• Luckily, the cone-cell "exhaustion" is completely reversible in less than a fraction of a second! That's why if your eye moves, even a little, the cone-cells are replenished and are able to start firing once again
  • That's why you have to stare intently at the cross-hairs without blinking or moving the eyes!

By the way, there are never any green-dots on the computer screen - at any time!! The 'green dot' is a pure illusion created by the light from the grey-background falling on a population of cone-cells where the red-sensitve cones are more exhausted than the green-sensitive cones.

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Perceiving text

Working from top-left to bottom-right, and as quickly as you can, tell the person sitting next to you the colour of each word as it is displayed in the diagram below:

Stroop effect example

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Perceiving Speech

The three links below will each play a short (sadly not very interesting) video clip. In each video-clip the speaker is repeating the same syllable over and over again. For example "baa, baa, baa ..." or "gaa, gaa, gaa ..." and so on.

View each of these video-clips in turn. The lab could get very noisy at this point, so you may want to use your headphones!

(Some of the above video-clips require a media-player that can accept files in Windows MovieMaker's .wmv format. You may experience difficulties viewing these clips if your web-browser does not have access to such a media-player.)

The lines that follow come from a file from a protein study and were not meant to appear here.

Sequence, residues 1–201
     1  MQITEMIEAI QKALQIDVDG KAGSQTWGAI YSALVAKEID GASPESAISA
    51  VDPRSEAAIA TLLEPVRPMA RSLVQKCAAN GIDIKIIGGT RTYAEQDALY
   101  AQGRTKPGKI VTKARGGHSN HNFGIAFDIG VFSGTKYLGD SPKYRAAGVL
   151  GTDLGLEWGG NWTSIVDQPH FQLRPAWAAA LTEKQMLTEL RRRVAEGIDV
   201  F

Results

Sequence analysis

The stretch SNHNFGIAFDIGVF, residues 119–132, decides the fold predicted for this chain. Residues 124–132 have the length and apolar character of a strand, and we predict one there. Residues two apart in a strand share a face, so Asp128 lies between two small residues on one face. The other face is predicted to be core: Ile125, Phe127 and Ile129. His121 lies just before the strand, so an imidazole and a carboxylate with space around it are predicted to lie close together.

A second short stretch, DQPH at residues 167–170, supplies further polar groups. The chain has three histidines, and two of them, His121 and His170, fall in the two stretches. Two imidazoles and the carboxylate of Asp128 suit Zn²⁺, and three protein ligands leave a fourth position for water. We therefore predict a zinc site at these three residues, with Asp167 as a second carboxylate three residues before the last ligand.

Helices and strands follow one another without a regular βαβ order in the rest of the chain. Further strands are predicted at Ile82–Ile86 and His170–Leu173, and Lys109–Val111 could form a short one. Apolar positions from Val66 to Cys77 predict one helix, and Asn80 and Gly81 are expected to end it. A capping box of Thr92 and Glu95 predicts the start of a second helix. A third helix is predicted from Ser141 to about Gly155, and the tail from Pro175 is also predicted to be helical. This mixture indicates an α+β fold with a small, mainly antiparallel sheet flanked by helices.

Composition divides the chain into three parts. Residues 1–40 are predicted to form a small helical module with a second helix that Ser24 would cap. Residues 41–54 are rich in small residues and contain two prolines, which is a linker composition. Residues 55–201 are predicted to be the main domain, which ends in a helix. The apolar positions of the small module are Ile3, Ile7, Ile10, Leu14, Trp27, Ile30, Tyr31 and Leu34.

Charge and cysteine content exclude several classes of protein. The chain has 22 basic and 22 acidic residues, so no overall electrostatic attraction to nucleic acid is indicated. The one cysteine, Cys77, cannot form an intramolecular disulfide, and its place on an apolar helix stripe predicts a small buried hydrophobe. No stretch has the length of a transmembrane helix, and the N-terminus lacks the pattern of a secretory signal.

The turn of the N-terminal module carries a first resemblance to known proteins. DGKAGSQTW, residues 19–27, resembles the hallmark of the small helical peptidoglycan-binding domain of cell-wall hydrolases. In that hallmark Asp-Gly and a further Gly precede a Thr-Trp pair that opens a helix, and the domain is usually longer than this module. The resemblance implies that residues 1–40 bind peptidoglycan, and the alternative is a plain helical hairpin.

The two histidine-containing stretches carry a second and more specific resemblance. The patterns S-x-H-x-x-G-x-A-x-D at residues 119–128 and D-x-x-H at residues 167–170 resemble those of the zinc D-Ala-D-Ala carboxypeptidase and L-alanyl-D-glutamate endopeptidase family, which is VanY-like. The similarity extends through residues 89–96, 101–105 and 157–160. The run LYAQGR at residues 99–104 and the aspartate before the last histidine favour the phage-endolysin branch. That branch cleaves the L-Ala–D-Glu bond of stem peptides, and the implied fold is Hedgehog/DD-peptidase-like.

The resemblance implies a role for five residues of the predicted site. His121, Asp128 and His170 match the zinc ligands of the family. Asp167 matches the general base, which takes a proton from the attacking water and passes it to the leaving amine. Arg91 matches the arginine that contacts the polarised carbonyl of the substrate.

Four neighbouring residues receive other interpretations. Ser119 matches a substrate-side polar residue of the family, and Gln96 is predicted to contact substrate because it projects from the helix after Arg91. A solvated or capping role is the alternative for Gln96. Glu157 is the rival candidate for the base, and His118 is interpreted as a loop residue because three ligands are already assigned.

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Summer-time photo of Keele Hall

Sources of further information

The pink-dots illusion (also known as 'Lilac Chaser') was first demonstrated by Jeremy Hinton sometime before 2005. More refined demonstrations of this effect have been provided by Hinton and Michael Bach.

The rotational illusion featuring the concentric rings of 'S' shaped line-segments is based on the the work of Pinna and Brelstaff (Vision Research, 40, 2091-2096, 2000) and the rendering of Akiyoshi Kitaoka.

The confounding influence of the written meaning of textual stimuli over the percept of the 'ink' colour is known as the Stroop Effect. John Ridley Stroop first reported this effect in his Ph.D. thesis published way back in 1935.

The McGurk Effect is the name given to the ability of visual lip-reading input to influence the brain's perception of the the speech-sound falling on the ear. The McGurk effect is sometimes called the McGurk-MacDonald effect. It was first described in a paper by McGurk and McDonald (1976).

Page loading problems:
The Java applets we looked at as part of this workshop are compatible with common Java-enabled web-browsers such as Internet Explorer and Mozilla etc. and are available for wider educational use beyond the university.
However, for these Java applets to load and run properly on your computer system you must have the software for the Java Runtime Environment (JRE) installed. This software can be freely downloaded from the following website Java SE Downloads. The download is a simple process but you should probably seek the permission/assistance of your system administrator before doing this.

Also, please note that some of the above video-clips, used to to demonstrate the McGurk Effect, require a media-player that can accept files in Windows MovieMaker's .wmv format. You may experience difficulties viewing these clips if your web-browser does not have access to such a media-player.